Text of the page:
Homer’s tale, The Odyssey, is about Odysseus’ journey home after the Trojan War. It is likely that Homer wrote it during the second half of 8th Century BC because The Odyssey was popular throughout the Mediterranean region as Greek vases with scenes from the story depict.
In Homer’s Odyssey, the hero Odysseus faces one of his greatest challenges: resisting the temptations of the Sirens. These creatures were beautiful women who sang so sweetly that sailors passing by could not resist their call.
Odysseus was warned about them by the witch Circe, and knew he had to find a way to avoid being seduced. He came up with a clever plan: he had his sailors tie him to the mast of the ship and then plug their ears with beeswax so they would not be tempted to listen to the Sirens’ song.
Odysseus was able to hear the Sirens’ singing, but because he was tied to the mast, he could not give in to their call.
Odysseus and his men had spent some time on the island of Circe, the witch who had turned his men into pigs. She fell in love with him and warned him about the Sirens:
First you will come to the Sirens who enchant all who come near them. If any one unwarily draws in too close and hears the singing of the Sirens, his wife and children will never welcome him home again, for they sit in a green field and warble him to death with the sweetness of their song.
There is a great heap of dead men’s bones lying all around, with the flesh still rotting off them. Therefore pass these Sirens by, and stop your men’s ears with wax that none of them may hear; but if you like you can listen yourself, for you may get the men to bind you as you stand upright on a cross-piece half way up the mast, and they must lash the rope’s ends to the mast itself, that you may have the pleasure of listening. If you beg and pray the men to unloose you, then they must bind you faster.
When Circe warns him of the danger ahead, Odysseus listens carefully and takes precautions to protect his men. He orders them to seal their ears with beeswax so they won’t be lured by the siren’s song.
The good ship glides across a calm grey sea toward an island covered in golden meadows. The crew is eager to land, but Odysseus knows better. He tells them:
That is the Island of the Sirens. Circe warned me to steer clear of it, for the Sirens are beautiful but deadly.
They sit beside the ocean, combing their long golden hair and singing to passing sailors. But anyone who hears their song is bewitched by its sweetness, and they are drawn to that island like iron to a magnet. And their ship smashes upon rocks as sharp as spears. And those sailors join the many victims of the Sirens in a meadow filled with skeletons.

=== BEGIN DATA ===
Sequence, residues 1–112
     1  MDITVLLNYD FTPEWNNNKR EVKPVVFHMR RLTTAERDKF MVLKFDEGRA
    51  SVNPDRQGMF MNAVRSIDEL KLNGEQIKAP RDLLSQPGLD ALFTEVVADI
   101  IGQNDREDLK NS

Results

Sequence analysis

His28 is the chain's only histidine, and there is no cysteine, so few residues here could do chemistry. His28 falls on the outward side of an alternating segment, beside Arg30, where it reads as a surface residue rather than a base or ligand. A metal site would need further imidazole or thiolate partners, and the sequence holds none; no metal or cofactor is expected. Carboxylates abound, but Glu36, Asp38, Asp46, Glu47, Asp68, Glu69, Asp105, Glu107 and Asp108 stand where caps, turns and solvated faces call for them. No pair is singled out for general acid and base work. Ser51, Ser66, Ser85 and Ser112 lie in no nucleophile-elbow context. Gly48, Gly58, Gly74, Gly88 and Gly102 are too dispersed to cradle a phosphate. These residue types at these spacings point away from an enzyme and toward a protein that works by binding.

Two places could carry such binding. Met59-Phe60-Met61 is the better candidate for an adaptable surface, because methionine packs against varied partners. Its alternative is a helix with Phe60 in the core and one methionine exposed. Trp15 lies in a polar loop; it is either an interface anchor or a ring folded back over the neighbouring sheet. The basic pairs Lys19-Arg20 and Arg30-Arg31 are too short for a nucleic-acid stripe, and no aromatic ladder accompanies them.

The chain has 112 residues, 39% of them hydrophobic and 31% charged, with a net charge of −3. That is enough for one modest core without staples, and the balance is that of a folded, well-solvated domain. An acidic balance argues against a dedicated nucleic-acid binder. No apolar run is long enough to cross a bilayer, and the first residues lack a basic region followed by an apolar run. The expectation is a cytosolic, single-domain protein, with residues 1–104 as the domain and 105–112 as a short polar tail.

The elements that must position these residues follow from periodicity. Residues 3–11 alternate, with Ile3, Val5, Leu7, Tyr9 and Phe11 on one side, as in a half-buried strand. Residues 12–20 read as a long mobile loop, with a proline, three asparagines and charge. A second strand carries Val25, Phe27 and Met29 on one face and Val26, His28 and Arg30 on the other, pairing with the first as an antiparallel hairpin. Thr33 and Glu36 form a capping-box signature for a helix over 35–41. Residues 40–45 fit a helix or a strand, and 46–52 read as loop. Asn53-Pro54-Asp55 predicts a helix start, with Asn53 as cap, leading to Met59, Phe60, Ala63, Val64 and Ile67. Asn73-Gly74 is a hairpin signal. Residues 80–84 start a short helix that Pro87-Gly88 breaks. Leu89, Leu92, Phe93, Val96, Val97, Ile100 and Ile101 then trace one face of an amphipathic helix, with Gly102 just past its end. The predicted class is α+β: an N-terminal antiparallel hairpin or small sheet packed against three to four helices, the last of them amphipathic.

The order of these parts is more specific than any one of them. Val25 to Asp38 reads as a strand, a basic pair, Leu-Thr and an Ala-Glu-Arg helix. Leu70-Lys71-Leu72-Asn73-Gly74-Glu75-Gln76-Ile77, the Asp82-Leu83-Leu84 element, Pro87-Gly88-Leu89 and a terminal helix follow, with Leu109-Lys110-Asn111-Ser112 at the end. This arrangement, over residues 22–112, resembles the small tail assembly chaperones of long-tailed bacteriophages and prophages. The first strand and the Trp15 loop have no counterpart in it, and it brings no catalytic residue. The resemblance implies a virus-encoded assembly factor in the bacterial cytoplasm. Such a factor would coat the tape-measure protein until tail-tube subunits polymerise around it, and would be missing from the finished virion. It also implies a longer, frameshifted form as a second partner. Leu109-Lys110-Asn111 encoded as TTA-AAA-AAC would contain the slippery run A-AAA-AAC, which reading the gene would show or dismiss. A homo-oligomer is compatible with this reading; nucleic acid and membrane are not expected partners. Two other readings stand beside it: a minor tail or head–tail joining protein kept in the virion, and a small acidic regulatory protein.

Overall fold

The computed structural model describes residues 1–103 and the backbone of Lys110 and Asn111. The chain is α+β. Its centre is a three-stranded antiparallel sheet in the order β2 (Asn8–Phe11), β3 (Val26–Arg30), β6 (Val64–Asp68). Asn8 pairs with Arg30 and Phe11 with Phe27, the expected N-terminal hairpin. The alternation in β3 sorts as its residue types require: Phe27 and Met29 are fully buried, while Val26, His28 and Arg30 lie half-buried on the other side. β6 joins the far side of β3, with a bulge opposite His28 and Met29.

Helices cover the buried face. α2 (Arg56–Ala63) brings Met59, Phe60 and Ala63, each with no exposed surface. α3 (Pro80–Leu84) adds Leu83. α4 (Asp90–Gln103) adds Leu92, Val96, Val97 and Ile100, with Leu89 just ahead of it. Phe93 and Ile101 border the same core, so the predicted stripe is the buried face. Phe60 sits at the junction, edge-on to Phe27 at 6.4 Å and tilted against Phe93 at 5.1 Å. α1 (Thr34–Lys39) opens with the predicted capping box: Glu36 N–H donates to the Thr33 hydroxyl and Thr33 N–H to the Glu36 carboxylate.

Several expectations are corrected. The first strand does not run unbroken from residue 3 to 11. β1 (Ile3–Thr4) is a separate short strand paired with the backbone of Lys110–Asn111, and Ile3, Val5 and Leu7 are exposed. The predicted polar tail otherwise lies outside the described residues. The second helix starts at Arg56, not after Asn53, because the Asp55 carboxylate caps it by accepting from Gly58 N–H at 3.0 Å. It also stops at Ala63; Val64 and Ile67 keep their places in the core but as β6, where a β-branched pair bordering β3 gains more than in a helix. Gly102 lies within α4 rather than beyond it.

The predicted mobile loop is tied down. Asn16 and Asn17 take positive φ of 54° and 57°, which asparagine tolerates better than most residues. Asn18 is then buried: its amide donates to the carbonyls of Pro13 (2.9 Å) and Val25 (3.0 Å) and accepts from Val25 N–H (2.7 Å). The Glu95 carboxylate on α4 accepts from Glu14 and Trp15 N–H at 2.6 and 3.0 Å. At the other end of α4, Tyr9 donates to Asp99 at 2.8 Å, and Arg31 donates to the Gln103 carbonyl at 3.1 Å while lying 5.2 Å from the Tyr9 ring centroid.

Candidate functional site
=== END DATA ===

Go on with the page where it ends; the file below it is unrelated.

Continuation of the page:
Odysseus, gifted a large piece of beeswax from Circe, breaks it into small chunks. He gives one to each of his men and tells them to soften it before putting it into their ears; thus, they will not hear the Sirens’ song.
The Sirens Song
Odysseus is determined to hear the sirens’ song without succumbing to its lure. Circe has told him how to do it: he orders his sailors to tie him firmly to the ship’s mast, with beeswax in their own ears so they can’t be tempted by the music.
Then they row alongside the island where the sirens live.
As soon as Odysseus hears the words and music of the song, he is enchanted. He longs to plunge into the waves and swim to the island where the Sirens are singing. He wants to embrace them.
He strains against the ropes that bind him to the mast of his ship. The ropes cut deeply into his flesh, but he does not care.
He nods and scowls at his men, who have plugged their ears with wax so they cannot hear the Siren’s song. He urges them to free him, but they only row harder with their oars.
To Odysseus, under the spell of their singing, the Sirens appear as beautiful as Helen of Troy. To his crew, whose ears have been filled with beeswax so they cannot hear, the Sirens look like monsters with vicious claws.
The ship swiftly moves forward and before long, the song of the Sirens is only a faint echo. Only then do the crew members stop rowing and take out their earplugs.
Eurylochus unbinds his grateful captain, Odysseus, who has now come to his senses.
By following the advice of the goddess Circe, Odysseus has avoided disaster. However, he will face many more trials and temptations before he reaches his home and family.
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